Israeli law relating to foreigners living in Israel has become stricter, and shortly it seems, so will the law relating to refugee and infiltrator migrants who have committed even the smallest trespass.
Under the soon-to-be enacted procedures, these subjects will find themselves arrested and sentenced to a detention facility, located in far-off locations and without any way of getting back to the cities in which they were detained.
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The new law is the work of Internal Affairs Minister Gideon Saar and Internal Security Minister Yitzhak Aharonovich. Given the green light by Attorney General Yehuda Weinstein, the law states that an infiltrator who “disturbs the public order” could now be immediately transferred to such a facility.
Up until now, migrants found guilty of such acts could be detained only if they were a “danger to public safety.” If this new procedure, revealed here for the first time, is enacted, authorities will be able to lock away migrants for very long periods of time, for much smaller infractions.
This also means that once the procedure is activated, a migrant caught committing even a minor infraction, will be punished much more harshly than an Israeli who commits the same act.
A senior source involved in the new law says it was designed to cover “grey” areas of enforcement in relation to the migrants. Today, if a migrant is suspected of murder or another serious offense, he can be arrested until the end of proceedings against him. But when it relates to infractions such as harassment, stealing cell phones and breaking and entering, there is no detention until the end of proceedings. Until an indictment is filed or a trial begins, the migrant can return to his neighborhood, or flee to another city.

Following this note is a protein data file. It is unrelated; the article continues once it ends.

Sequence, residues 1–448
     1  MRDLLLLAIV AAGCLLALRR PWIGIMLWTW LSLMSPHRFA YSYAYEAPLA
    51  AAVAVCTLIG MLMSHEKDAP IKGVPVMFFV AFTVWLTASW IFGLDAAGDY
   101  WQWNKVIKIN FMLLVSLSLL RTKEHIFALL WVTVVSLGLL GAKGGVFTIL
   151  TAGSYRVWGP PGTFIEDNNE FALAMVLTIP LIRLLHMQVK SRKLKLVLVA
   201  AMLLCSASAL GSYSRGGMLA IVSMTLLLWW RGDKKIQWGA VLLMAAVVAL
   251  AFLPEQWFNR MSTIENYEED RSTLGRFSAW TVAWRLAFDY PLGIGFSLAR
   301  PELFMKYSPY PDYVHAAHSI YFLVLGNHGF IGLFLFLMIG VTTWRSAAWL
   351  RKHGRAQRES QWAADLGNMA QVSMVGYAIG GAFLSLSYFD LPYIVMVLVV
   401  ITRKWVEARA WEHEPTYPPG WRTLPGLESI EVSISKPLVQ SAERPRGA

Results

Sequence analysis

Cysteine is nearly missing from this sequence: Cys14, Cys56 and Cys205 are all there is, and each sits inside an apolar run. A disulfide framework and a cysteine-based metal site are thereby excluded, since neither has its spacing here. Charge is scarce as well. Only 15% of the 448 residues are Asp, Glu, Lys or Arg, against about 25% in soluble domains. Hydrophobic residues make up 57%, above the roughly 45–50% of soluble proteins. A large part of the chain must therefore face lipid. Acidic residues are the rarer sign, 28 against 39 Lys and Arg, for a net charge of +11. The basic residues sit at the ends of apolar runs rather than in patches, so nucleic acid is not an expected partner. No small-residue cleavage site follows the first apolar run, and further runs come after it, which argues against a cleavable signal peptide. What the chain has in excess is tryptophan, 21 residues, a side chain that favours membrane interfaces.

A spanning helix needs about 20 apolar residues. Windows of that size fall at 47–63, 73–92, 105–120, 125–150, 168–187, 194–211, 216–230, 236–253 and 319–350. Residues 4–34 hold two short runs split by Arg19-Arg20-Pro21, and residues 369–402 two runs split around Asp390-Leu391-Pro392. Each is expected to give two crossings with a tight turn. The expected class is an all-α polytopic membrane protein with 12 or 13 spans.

The source explained that with the new law, in any situation in which a migrant is deemed “a danger to public order,” yet not “dangerous,” a police officer will now be able to collect evidence, enabling the migrant to have a hearing. If his explanations are not convincing, he will be taken to custody.
“This is a change in how we view migrants,” the source said.
The new, dramatic procedure was born due to repeated complaints of residents of south Tel Aviv, but it is supposed to also apply to other cities which have a high migrant populations such as Eilat and Arad.
Initial discussions on the subject were held at Saar’s offices, and included Aharonovich, representatives of the Population and Immigration Authority, the police, and the Justice Ministry. Within the framework of the discussions, it was decided that the ministers would jointly approach the Attorney General with their proposal. At the same time, Saar announced the formation of an intra-ministry taskforce, that would work to strengthen the personal security of city residents.
“There is no need to verbalize the effect that the phenomena of migrants has had on Israeli society,” the ministers wrote in their appeal to Weinstein. According to them, the existing law led to a situation in which only 25% of the migrants have been removed from cities – with most eventually finding their ways back.
“This phenomena makes it very hard to deal with issues of public order and enforcement of the law, and it makes deterrence non-existent within the criminal population. In accordance with police and professional recommendations, we should make the procedure apply also to migrants who disturb public order, and not only to those who are a danger to the public,” they wrote.
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